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Here's why we do not back #SaveSA

Opinion

ANC Western Cape spokesperson Yonela Diko explains why they accept criticism from the SACP, Cosatu and Pravin Gordhan, but reject it from #SaveSA.

Our politics have been divisive, poor policy implementation, jobs shed, businesses shuttered. Too many of our schools are failing, our health and education systems are inadequate, state enterprises are in tatters and our water reserves reaching worrying levels.

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Thousands of people gathered in front of Parliament in protest against President Jacob Zuma. The writer says he refuses to take part in the opportunistic and orchestrated marches. Picture: Henk Kruger/ANA Pictures

The truth is that the country needs a turnaround strategy. A turnaround in the Union Buildings, where it seems our president and his minions are carrying out their dirty deeds. We need a turnaround in Parliament, which is seen as compliant and complicit. We need a turnaround at Luthuli House which is manic and self-absorbed.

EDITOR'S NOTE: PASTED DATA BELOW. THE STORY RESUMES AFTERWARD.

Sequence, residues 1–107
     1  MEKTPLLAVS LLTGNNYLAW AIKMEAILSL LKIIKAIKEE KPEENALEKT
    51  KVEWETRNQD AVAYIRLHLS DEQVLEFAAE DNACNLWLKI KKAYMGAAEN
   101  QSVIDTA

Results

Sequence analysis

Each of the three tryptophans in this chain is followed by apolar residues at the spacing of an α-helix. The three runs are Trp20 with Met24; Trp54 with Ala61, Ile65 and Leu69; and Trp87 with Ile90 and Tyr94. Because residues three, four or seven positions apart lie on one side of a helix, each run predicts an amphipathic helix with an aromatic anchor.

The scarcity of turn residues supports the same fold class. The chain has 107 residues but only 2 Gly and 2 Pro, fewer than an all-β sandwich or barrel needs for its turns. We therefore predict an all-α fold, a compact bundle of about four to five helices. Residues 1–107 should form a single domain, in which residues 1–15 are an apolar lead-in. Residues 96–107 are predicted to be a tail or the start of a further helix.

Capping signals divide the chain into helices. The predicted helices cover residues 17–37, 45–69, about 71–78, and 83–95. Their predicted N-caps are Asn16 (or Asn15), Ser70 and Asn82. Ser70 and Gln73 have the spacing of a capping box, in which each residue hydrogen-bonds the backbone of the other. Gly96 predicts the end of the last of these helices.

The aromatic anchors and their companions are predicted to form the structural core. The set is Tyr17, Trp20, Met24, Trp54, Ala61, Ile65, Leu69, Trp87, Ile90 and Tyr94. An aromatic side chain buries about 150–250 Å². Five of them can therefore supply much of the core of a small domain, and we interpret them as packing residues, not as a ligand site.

The ANC’s strength and survival has never been a given. That strength had to be created, fought for, and tended like gardens.The strength of the organisation expanded or contracted with the vision of its leaders. In the early years of freedom that vision was expanded through daring marches, the sit-ins, the jail songs and courage that had kept the ANC alive. It is through organising and shared sacrifice that membership was earned.